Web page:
We get our first clue to the specific problem in Petrarch's poem around line 20, when he throws this line out: "what are the swords of strangers doing here?" Now, Petrarch is not concerned about a display of foreign combat gear in a museum. He's using synecdoche to create a shorthand image for the German mercenaries who have been hired by the Italian nobility to fight with rival houses.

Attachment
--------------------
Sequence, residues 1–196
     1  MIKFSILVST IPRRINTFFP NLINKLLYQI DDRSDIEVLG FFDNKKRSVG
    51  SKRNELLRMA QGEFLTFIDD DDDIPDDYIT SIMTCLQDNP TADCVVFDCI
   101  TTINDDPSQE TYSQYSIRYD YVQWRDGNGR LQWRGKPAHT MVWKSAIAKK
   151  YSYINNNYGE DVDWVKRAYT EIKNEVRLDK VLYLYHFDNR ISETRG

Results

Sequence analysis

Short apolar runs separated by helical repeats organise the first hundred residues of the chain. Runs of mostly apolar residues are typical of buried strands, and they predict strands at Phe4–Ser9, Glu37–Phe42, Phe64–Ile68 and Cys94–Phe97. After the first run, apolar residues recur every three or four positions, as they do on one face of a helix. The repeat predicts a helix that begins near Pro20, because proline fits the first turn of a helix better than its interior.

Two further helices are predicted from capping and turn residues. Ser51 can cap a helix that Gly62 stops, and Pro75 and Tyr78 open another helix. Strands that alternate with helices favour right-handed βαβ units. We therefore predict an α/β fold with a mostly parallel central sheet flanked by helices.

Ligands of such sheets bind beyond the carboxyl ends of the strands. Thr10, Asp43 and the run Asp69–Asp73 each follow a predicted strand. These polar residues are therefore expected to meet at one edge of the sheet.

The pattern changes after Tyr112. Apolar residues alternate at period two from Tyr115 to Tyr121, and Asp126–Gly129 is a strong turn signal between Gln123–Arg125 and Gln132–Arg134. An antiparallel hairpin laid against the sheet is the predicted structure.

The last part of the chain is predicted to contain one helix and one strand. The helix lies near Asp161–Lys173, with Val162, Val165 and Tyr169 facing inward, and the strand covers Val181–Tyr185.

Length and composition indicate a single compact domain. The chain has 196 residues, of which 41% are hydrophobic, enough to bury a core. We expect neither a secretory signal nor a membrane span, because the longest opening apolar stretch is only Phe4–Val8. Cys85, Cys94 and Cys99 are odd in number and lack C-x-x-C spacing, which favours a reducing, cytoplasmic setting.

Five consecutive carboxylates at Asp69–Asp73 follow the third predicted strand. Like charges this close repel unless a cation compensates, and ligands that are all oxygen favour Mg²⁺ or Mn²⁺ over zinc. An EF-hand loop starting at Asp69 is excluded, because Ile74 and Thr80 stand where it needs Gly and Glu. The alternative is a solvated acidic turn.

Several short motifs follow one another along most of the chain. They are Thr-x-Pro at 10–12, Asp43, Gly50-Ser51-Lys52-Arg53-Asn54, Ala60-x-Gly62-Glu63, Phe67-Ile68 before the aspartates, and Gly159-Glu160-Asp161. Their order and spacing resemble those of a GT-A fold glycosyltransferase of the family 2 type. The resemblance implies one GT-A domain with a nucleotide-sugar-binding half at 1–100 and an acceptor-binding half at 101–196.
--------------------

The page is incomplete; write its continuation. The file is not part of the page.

While the swords only get mentioned in line 20, the fallout from them is spread throughout the poem. In the opening lines, we see Italy's "mortal wounds" and in lines 21-22, Petrarch shows us the "verdant plain" as it is "painted red with that barbaric blood." It's really kind of gross. But Petrarch isn't going to mince words if he has a chance to stop the insanity.